Conversations: Erica Chenoweth, assistant professor of government

Erica Chenoweth, assistant professor of government, is the author of the forthcoming book Why Civil Resistance Works: The Strategic Logic of Nonviolent Conflict.

How did you become interested in the study of “civil resistance”?

It was purely accidental. In June 2006, I was finishing my doctoral dissertation on why terrorist groups tend to proliferate in democratic countries. I received an invitation to apply to a workshop sponsored by the International Center on Nonviolent Conflict (ICNC), an NGO in Washington, D.C., committed to developing and spreading knowledge on the use of strategic nonviolent resistance. I received a package full of books and articles. Even though I was a conflict scholar, I had never even heard of many of the works. They all argued that nonviolent (or “civil”) resistance was strategically superior to violent resistance when confronting entrenched power. I was a skeptic, because I had devoted so much of my time to studying violent conflict. But I had also never seen a direct, systematic, global comparison of whether nonviolent resistance really had been more effective than violent insurgency across time and space.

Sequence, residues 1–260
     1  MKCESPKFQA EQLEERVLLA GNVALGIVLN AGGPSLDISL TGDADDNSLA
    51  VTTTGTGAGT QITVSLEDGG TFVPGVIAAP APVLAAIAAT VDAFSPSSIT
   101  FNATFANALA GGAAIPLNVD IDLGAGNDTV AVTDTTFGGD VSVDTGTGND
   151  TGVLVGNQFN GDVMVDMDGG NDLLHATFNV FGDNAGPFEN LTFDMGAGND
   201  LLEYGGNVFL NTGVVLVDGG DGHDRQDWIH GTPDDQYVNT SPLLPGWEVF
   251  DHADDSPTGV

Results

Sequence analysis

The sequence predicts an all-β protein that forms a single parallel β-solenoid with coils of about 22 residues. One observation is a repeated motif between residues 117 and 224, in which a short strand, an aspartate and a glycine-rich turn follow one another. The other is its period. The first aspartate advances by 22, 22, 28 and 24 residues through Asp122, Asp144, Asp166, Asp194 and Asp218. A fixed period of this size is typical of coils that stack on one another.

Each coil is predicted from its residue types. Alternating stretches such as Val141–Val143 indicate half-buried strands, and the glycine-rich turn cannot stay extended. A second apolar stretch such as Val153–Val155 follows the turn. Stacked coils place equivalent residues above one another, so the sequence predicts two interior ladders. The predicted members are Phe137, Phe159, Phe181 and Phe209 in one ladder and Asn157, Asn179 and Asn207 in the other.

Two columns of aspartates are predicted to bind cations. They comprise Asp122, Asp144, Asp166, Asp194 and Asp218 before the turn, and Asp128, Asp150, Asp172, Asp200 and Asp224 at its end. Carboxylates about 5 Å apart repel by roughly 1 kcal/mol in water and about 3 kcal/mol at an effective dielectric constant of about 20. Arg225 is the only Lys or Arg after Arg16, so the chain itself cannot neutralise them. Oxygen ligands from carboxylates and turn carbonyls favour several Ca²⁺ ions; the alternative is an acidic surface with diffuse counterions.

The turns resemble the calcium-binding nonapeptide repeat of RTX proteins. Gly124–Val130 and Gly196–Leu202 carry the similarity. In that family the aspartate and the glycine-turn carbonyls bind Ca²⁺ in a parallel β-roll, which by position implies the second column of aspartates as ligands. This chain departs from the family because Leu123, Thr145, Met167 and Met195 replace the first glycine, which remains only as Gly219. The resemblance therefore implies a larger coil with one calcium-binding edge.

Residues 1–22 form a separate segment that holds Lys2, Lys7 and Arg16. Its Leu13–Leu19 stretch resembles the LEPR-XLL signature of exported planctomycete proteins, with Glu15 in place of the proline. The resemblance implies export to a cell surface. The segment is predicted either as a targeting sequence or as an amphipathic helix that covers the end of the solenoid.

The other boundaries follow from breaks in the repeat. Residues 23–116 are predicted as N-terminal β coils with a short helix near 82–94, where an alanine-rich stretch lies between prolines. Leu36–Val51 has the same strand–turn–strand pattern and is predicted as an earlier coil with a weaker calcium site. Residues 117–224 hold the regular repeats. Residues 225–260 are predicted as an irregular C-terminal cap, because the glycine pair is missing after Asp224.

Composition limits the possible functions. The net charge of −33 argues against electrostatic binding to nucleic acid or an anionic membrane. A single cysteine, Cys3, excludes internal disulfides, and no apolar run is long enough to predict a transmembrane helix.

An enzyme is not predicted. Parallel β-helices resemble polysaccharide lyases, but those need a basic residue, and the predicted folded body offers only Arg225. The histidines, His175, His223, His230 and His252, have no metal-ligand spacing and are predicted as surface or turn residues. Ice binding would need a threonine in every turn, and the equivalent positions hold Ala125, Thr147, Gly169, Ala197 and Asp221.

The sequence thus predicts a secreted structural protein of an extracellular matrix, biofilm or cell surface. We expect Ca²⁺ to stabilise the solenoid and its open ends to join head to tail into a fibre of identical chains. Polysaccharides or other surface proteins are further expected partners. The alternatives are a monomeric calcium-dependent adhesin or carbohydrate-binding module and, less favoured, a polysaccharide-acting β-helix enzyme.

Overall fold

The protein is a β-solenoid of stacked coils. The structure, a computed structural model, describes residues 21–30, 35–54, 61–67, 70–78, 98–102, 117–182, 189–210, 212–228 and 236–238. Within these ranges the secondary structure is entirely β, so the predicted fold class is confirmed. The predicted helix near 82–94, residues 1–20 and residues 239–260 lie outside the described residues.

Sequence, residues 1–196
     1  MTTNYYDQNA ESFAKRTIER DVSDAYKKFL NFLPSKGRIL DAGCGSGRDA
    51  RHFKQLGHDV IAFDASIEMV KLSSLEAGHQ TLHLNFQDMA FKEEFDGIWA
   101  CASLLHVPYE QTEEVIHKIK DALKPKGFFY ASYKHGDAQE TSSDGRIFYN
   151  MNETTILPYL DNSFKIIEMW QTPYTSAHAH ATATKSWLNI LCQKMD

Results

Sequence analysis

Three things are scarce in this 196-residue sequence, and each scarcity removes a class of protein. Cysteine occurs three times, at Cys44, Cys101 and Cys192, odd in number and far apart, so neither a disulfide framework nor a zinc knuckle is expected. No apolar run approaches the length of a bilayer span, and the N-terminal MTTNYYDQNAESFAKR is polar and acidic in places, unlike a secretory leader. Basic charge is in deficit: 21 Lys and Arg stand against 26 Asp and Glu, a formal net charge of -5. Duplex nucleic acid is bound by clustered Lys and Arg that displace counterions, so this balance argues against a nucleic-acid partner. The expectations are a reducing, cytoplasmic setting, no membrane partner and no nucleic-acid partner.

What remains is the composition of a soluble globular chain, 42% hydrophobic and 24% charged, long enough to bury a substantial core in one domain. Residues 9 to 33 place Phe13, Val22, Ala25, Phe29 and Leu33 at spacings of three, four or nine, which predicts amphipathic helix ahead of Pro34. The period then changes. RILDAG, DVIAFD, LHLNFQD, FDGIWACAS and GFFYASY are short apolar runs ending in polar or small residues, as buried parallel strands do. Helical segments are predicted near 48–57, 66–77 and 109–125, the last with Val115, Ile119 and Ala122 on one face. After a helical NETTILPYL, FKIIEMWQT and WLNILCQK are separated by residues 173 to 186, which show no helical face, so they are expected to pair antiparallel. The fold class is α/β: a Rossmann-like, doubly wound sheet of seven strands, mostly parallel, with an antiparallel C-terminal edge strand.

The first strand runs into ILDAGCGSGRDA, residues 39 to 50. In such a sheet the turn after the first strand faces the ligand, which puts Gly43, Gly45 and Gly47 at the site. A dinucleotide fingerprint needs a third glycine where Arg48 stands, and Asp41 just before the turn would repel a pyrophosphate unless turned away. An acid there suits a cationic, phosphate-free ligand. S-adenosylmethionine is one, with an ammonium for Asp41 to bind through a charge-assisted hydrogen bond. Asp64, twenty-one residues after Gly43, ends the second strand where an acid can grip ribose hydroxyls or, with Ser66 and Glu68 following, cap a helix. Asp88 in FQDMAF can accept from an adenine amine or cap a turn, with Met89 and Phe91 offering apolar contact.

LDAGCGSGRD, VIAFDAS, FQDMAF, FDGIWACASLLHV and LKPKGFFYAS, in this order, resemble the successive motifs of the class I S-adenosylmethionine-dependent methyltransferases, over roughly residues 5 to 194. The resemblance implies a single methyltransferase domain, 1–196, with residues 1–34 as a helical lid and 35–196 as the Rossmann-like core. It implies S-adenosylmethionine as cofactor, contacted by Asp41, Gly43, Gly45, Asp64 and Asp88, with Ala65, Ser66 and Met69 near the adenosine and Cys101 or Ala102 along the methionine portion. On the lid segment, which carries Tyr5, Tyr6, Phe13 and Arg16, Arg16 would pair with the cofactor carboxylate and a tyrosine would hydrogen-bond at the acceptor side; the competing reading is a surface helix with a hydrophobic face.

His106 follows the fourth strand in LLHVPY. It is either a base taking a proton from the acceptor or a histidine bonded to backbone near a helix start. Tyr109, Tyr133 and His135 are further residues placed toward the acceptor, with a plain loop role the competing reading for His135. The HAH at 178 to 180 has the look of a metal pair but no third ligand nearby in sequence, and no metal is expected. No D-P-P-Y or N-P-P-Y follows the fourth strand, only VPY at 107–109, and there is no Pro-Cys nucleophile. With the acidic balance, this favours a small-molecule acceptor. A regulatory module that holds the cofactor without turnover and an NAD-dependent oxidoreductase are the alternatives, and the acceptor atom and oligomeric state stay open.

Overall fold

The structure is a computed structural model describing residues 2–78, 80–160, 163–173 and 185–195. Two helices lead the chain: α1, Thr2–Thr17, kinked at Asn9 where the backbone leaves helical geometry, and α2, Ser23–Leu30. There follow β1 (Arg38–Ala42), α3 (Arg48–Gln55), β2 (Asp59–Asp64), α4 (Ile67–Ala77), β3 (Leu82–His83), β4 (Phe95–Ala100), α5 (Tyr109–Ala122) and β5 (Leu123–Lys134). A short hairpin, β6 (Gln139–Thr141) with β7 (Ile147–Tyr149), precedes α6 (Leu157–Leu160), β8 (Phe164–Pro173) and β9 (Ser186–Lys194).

Did you change your mind?

After receiving some support from ICNC and Harvard University, I undertook an inquiry with my co-author, Maria Stephan, who brought a great deal of practical knowledge and experience to the study. The findings convinced me that my initial skepticism was misplaced. Nonviolent resistance has been remarkably—and in some cases spectacularly—effective in overthrowing regimes and in achieving self-determination.

Your forthcoming book, Why Civil Resistance Works: The Strategic Logic of Nonviolent Conflict(Columbia), explores the effectiveness of nonviolent civil resistance. What were some of the challenges in presenting this case?